The photographs that make up Be Good or Be Gone chart a deeply introspective path through the recollection of a disappearing childhood at the threshold of all the attendant probabilities of independence and adulthood, and an imagined and somewhat halcyon idyll is subverted over the course of the pictures. A number of the photographs are deeply metaphorical, and allude not merely in tone but in figure to a sense of one’s history as passing irrevocably into oblivion, of decomposing and – in the process of doing so – of undermining certain fixed truths upon which a mesh of comfortable beliefs have been constructed over time. In tone the pictures undoubtedly have the air of a lament, but their mournfulness is not thoughtless or untempered by some sense of resolve, of willingness to embrace or at least to confront an uncertain future. The photographs address the manner in which memory is an imprecise and unreliable measure of our history, and find their clearest expression of purposefulness at those points where Matt’s subjects appear poised in some thought as to how to proceed, as opposed to some obsession over what has already occurred. We know that the forest contains many secrets, but have the feeling on the strength of these pictures that continuing to look is as good a place to start as any.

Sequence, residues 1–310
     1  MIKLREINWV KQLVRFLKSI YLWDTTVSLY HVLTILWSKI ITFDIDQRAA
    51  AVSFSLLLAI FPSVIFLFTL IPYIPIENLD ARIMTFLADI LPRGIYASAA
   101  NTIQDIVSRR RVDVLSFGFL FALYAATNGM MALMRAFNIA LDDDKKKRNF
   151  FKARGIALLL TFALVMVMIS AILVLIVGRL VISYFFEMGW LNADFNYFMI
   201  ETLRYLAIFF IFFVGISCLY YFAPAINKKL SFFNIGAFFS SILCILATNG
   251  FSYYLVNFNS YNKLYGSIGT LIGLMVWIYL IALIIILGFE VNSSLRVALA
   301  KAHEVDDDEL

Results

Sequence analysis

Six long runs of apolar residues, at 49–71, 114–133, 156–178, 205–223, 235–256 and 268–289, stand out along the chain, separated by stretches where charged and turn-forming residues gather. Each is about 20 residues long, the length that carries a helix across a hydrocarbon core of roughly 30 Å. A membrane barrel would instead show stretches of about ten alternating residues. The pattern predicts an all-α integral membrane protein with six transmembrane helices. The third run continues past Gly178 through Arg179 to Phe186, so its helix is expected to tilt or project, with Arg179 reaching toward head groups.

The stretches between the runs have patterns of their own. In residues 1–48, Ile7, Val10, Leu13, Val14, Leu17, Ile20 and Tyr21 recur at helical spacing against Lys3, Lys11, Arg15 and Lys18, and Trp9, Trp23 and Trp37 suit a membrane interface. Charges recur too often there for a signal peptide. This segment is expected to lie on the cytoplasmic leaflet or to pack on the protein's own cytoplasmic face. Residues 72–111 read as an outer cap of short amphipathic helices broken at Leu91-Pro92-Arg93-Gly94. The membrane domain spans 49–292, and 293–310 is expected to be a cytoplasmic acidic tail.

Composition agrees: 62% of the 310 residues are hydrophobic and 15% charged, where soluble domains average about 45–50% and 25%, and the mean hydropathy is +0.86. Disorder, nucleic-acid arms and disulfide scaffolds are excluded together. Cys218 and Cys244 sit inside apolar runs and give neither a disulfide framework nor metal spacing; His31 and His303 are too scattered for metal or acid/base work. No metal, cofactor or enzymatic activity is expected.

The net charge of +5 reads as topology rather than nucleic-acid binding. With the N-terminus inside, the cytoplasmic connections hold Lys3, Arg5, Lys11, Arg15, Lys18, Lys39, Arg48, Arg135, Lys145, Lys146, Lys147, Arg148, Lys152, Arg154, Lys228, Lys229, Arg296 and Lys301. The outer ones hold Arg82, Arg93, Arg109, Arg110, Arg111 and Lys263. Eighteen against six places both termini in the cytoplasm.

Matt Warder’s work in this project is part of a widening body of undergraduate work that in some way addresses directly the profoundly destabilising effects of the Financial Crisis – and the several interlinked crises that have preceded and followed it – on the instinctive and automatic expectations held by youth about their future. If the past decade and its history managed conclusively to establish any new beach-heads in our common thinking about the world, what it established was an abiding uncertainty: about the necessary conditions for a fact to be considered a fact, about the efficacy and validity of political processes, about our shared economic and ecological future, about our place within the interlinking dynamics of geopolitics and climate, and about the viability of existing solutions to act upon these pressing concerns. These questions are not specious, and they are of particularly urgent importance to those just now heading out into the world on their own. One of the strengths of these pictures is the manner in which they evoke these questions without describing them literally – the way these concerns manage to animate the work without overwhelming it, so that they are present more as a spectre than a focal point.